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dc.creatorBonhommeau, Daviden_US
dc.creatorHalberstadt, Nadineen_US
dc.creatorBuck, Udoen_US
dc.creatorCalvo, Florenten_US
dc.creatorParneix, Pascalen_US
dc.descriptionD. Bonhommeau, N. Halberstadt and U. Buck, Int. Rev. Phys. Chem. 26F. Calvo, D. Bonhommeau and P. Parneix, Phys. Rev. Lett. 99en_US
dc.descriptionAuthor Institution: Department of Chemistry, University of Minnesota, 207 Pleasant Street S.E., Minneapolis, MN 55455-0431, USA; LCAR-IRSAMC, Universite Paul Sabatier and CNRS, 118 route de Narbonne, F-31062 Toulouse CEDEX 09, France; Max-Planck Institut fur Dynamik und Selbstoganisation, Busenstr. 10, D-37073 Gottingen, Germany; LCPQ-IRSAMC, Universite Paul Sabatier, 118 route de Narbonne, F-31062 Toulouse, France; Laboratoire de Photophysique Moleculaire, CNRS Bat. 210, Universite Paris-Sud, F-91405 Orsay, Franceen_US
dc.description.abstractThe fragmentation of rare-gas clusters Rg$_n$ ($2\le n\le 14$ and Rg = Ne, Ar and Kr) upon electron-impact ionization has been studied theoretically and compared to experiments}, 353-390 (2007)}. The dynamics of these ionic clusters has been modeled by means of a trajectory surface hopping method, the Tully's Fewest Switches (TFS) method, in which all the relevant electronic states of the ions and their couplings are taken into account. A very good qualitative agreement is found for all types of clusters, concerning the extensive character of the dissociation and the tendency to form larger fragments when the parent ion size increases. For instance, no trimer fragments are found for clusters smaller than the pentamer. In addition, a very good quantitative agreement is obtained for argon clusters. On the other hand, some discrepancies are found between experiment and theory for krypton clusters: the production of monomers seems underestimated in the simulation. Theoretical results also show that the parent ion dissociation occurs within the first picoseconds, and that most of the dynamics is completed within 10 picoseconds. Despite their success, TFS-like and adiabatic dynamics methods are based on classical mechanics and cannot reach experimental time scales, in the microsecond or millisecond range, whereas large clusters may carry on losing atoms after several nanoseconds. This issue was specifically examined on Ar$_n^+$ clusters (n=20 and 30): a new method that combines a TFS dynamics for the internal conversion, an electronic ground state adiabatic dynamics and phase space theory (PST) was designed and allows to reach the millisecond time scale}, 083401 (2007)}.en_US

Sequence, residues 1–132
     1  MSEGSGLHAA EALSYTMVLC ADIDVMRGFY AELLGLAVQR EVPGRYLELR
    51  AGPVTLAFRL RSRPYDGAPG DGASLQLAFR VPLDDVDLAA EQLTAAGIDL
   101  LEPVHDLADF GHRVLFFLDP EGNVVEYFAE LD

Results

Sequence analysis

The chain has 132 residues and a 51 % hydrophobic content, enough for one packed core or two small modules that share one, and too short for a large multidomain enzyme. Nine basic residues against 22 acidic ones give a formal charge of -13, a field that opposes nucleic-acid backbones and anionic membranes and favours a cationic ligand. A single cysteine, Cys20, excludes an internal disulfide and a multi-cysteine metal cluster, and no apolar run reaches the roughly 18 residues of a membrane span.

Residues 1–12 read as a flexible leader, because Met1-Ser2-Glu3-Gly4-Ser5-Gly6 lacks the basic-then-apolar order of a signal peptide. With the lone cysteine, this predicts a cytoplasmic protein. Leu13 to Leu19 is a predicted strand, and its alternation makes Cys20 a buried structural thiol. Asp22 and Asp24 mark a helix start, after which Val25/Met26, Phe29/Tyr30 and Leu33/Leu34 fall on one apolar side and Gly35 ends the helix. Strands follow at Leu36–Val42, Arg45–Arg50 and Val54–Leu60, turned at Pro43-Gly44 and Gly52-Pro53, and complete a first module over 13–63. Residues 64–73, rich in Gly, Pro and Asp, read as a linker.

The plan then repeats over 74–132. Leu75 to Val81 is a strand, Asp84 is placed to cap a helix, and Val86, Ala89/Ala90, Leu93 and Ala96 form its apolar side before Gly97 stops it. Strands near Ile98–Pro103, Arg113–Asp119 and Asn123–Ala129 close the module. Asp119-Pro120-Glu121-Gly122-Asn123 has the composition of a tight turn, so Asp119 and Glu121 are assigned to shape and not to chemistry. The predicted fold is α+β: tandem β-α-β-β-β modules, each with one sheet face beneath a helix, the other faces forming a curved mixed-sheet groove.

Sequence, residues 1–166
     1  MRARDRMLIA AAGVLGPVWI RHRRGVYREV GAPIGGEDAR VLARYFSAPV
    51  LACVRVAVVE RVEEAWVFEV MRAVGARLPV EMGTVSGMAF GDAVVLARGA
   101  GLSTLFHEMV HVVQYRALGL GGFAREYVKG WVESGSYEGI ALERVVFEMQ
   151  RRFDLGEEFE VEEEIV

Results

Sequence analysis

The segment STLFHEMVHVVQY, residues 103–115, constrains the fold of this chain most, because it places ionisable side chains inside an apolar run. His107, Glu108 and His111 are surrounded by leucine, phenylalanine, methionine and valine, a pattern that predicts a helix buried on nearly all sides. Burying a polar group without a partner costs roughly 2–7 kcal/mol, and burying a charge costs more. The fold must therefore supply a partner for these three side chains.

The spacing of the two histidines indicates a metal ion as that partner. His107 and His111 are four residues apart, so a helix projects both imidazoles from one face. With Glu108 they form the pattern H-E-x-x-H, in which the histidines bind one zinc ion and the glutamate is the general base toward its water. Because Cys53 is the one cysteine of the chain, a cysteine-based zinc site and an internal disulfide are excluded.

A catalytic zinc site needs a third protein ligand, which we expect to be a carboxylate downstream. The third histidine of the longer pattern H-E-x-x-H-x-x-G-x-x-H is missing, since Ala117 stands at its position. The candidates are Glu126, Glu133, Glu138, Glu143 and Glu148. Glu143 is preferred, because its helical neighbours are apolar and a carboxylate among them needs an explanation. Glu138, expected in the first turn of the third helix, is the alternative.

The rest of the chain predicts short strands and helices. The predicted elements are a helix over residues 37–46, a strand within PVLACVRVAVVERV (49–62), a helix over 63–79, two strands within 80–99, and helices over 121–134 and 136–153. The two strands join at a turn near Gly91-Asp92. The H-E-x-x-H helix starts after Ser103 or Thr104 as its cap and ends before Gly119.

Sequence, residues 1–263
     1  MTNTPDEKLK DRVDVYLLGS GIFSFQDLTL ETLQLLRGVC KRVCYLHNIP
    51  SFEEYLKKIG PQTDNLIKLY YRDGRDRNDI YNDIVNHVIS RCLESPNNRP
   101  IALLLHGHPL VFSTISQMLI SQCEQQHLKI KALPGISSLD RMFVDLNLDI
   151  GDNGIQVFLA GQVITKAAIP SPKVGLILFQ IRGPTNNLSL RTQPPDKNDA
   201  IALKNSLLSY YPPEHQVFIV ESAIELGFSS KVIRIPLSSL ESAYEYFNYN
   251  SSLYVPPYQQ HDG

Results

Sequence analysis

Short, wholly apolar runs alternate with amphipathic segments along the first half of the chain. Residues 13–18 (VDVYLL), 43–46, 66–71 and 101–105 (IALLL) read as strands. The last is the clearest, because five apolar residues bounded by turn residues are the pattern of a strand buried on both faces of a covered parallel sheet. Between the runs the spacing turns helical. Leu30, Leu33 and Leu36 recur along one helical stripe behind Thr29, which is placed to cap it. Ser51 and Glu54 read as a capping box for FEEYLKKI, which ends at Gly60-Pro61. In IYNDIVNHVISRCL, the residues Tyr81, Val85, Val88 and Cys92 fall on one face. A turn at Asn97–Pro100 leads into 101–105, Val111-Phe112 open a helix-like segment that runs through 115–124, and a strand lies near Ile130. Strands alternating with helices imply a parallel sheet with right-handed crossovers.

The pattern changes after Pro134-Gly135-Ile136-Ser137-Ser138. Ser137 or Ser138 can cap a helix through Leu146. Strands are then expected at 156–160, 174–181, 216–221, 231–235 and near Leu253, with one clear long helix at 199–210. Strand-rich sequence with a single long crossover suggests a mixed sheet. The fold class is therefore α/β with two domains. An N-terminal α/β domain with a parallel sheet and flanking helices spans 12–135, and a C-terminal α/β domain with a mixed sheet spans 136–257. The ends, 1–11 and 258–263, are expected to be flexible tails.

dc.publisherOhio State Universityen_US

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